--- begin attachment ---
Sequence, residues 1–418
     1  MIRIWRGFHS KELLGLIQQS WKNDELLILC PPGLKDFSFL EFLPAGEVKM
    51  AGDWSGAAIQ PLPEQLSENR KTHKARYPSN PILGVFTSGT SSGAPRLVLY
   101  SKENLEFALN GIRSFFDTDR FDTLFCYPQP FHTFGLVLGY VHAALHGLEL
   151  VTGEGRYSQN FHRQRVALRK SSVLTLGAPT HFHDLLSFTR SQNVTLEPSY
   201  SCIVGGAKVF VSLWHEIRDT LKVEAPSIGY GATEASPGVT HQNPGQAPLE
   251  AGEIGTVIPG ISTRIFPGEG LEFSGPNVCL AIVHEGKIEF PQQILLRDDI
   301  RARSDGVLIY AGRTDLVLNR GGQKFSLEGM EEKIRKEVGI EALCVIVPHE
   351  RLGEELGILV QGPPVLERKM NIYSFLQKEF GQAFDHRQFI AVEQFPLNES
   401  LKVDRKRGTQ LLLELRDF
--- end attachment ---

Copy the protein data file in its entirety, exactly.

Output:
Sequence, residues 1–418
     1  MIRIWRGFHS KELLGLIQQS WKNDELLILC PPGLKDFSFL EFLPAGEVKM
    51  AGDWSGAAIQ PLPEQLSENR KTHKARYPSN PILGVFTSGT SSGAPRLVLY
   101  SKENLEFALN GIRSFFDTDR FDTLFCYPQP FHTFGLVLGY VHAALHGLEL
   151  VTGEGRYSQN FHRQRVALRK SSVLTLGAPT HFHDLLSFTR SQNVTLEPSY
   201  SCIVGGAKVF VSLWHEIRDT LKVEAPSIGY GATEASPGVT HQNPGQAPLE
   251  AGEIGTVIPG ISTRIFPGEG LEFSGPNVCL AIVHEGKIEF PQQILLRDDI
   301  RARSDGVLIY AGRTDLVLNR GGQKFSLEGM EEKIRKEVGI EALCVIVPHE
   351  RLGEELGILV QGPPVLERKM NIYSFLQKEF GQAFDHRQFI AVEQFPLNES
   401  LKVDRKRGTQ LLLELRDF